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Given an English sentence, I am looking for a programmatic way to tell whether the sentence is written in passive voice.

Currently, I just check if there is a was or were inside the sentence. If yes, then the function will say that the sentence is in passive voice (I do no not know even if this is true). Is there a better approach?


I just want to make a simple detector for passive voice, I do not care much for accuracy and efficiency. Here what I ended up with:

// http://english.stackexchange.com/questions/472/how-can-i-reliably-and-accurately-identify-the-passive-voice-in-writing-or-speec

// forms of be, have and get
int auxilary_verb(char* str) {
    if(strstr(str, "be ") || strstr(str, "been ") || strstr(str, "being ") ||
            strstr(str, "have ") || strstr(str, "had ") || strstr(str, "was ") || strstr(str, "were ")
            || strstr(str, "wasn") || strstr(str, "weren") || strstr(str, "got ") || strstr(str, "get ")
            || strstr(str, "getting ")) {
        return 1;
    } else {
        return 0;
    }
}

// past participles of the verbs here http://web2.uvcs.uvic.ca/elc/sample/beginner/gs/gs_10.htm
int past_participle_transitive_verb(char* str) {
    if(strstr(str, "brought ") || strstr(str, "cost ") || strstr(str, "given ") || strstr(str, "lent ")
            || strstr(str, "offered ") || strstr(str, "passed ") || strstr(str, "played ") || strstr(str, "read ")
            || strstr(str, "sent ") || strstr(str, "sung ") || strstr(str, "sent ") || strstr(str, "taught ") || strstr(str, "written ")
            || strstr(str, "bought ") || strstr(str, "get done ") || strstr(str, "left ") || strstr(str, "made ")
            || strstr(str, "owed ") || strstr(str, "paid ") || strstr(str, "promised ") || strstr(str, "refused ") || strstr(str, "shown ")
            || strstr(str, "taken ") || strstr(str, "told ") ) {
        return 1;
    } else {
        return 0;
    }
}

// Once a week, the house is cleaned by Tom. <- passive
// By the end of the week, I'll be gone. <- not passive, but ok.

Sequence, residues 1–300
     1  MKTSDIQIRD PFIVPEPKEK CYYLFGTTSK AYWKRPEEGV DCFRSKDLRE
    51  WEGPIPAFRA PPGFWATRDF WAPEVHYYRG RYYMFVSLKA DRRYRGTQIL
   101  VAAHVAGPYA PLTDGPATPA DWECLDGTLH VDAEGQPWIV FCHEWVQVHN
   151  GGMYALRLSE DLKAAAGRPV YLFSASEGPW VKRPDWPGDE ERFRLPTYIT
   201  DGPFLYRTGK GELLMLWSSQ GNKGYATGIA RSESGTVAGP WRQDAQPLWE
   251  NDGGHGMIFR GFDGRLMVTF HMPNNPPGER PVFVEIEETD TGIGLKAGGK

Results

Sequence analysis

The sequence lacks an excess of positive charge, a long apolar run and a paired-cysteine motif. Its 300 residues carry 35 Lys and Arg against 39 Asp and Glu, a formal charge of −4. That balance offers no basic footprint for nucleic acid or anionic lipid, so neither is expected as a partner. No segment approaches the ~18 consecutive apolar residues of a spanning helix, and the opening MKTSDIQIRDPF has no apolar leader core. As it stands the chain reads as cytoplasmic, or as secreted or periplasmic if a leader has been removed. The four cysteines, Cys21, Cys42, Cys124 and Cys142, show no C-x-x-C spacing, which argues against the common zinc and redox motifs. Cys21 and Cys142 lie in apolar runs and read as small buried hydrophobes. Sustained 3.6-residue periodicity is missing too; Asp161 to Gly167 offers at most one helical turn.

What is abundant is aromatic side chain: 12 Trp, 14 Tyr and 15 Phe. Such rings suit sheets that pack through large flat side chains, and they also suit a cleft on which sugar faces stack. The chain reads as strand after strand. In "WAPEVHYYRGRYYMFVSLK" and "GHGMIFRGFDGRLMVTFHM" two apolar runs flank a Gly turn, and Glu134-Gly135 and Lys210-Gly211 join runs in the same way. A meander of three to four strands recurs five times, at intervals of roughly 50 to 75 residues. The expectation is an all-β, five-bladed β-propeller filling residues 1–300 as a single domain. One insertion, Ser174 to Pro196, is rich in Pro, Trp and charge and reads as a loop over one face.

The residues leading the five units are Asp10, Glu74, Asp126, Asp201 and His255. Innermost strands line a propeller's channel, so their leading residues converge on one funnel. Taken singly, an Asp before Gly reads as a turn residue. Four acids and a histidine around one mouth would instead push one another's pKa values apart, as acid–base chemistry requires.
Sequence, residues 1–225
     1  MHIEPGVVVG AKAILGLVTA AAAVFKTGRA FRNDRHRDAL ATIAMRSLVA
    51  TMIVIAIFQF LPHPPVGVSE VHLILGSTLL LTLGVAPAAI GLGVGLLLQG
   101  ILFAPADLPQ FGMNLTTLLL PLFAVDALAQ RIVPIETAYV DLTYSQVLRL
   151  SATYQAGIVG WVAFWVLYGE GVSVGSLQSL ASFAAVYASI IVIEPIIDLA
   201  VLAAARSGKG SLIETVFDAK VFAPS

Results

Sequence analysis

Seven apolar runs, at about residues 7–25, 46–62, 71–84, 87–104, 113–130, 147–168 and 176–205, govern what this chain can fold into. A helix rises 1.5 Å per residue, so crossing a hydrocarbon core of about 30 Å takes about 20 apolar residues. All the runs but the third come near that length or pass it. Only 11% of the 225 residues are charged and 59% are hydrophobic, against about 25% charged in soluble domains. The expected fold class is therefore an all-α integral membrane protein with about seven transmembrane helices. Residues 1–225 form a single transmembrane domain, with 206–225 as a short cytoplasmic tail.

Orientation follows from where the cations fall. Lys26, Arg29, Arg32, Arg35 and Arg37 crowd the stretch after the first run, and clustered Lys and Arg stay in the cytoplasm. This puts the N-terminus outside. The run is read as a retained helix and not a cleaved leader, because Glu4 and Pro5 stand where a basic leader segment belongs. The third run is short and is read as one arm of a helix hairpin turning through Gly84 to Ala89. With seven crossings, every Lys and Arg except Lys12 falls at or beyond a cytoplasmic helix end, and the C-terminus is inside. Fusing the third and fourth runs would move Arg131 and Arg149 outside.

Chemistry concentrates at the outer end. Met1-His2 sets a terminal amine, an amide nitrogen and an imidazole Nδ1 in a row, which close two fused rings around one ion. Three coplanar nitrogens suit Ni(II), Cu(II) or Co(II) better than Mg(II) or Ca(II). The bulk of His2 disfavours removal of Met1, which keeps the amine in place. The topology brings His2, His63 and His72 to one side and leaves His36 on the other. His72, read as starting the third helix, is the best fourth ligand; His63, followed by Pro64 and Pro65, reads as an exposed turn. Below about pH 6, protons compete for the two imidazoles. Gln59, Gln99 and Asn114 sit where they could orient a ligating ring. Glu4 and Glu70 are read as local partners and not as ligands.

int contains_by(char* str) {
    return (strstr(str, "by ") != NULL);
}

// how to find No direct object -> I don't know.
// The subject of the verb phrase is the entity undergoing an action or having its state changed -> I don't know.

int passive_voice(char* str) {
    // relax conditions, by applying || isntead of &&
    if(auxilary_verb(str) || past_participle_transitive_verb(str) || contains_by(str)) {
        return 1;
    } else {
        return 0;
    }
}
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  • $\begingroup$ "The boys watch the girls while the girls watch the boys who watch the girls go by..." I think you have to think about the "by". Or think of a supreme being, the have's and the have not's, I Got Rhythm, and so on. $\endgroup$ – gnasher729 Nov 25 '16 at 16:19
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    $\begingroup$ I don't understand what you're asking. If you want something simple and don't care about accuracy, then detecting "was" and "were" is fine: it's simple and inaccurate. Indeed, just returning true for all inputs is also simple and inaccurate. So what are you actually looking for? $\endgroup$ – David Richerby Jan 16 '17 at 12:51
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detecting passive voice is an AI application also used/ implemented in grammar checker/ correction software with proprietary algorithms. there is a complexity/ accuracy tradeoff. simpler algorithms can be useful and better accuracy requires more sophisticated algorithms. here are two papers on the subject including a masters thesis (60p). final link is an open source implementation of passive voice checking used in OpenOffice.

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  • $\begingroup$ Thanks for the links! From the last link, I downloaded the package, but it has many things. Any help? The other links are also interesting. However, I was looking for something simple, like a pseudocode or something. $\endgroup$ – gsamaras Jan 5 '15 at 21:46
  • $\begingroup$ a simple approach could use part-of-speech tagging and maybe a small dictionary of verbs & variants & attempt to identify subj, look at where the verb is relative to the subject etc., but am not aware of a simple algorithm. an option might be to come up with a set of training sentences and just work up a solution via trial & error & see what accuracy is possible. $\endgroup$ – vzn Jan 5 '15 at 21:52
  • $\begingroup$ Yes, this trial & error is what I am trying to do, but I can't find any simple rules to apply to (like the ones in my post, which are wrong after all). I will keep searching. $\endgroup$ – gsamaras Jan 5 '15 at 22:09
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I recommend you look at methods in the NLP literature for parsing a sentence and identifying its structure, classifying the tense of the sentence and the words present in it, and identifying the subject and object of the sentence. That should help you build a more accurate classifier. If you extract suitable features, given the parse tree, and then apply a suitable machine learning algorithm, you might get a more effective classifier.

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  • $\begingroup$ This answer is very vague. You do not provide any specific solution. $\endgroup$ – nbro Aug 17 '19 at 14:07
  • $\begingroup$ @nbro, yeah. I accept that criticism. I wish I knew how to make the answer better, but I don't. $\endgroup$ – D.W. Aug 22 '19 at 17:38

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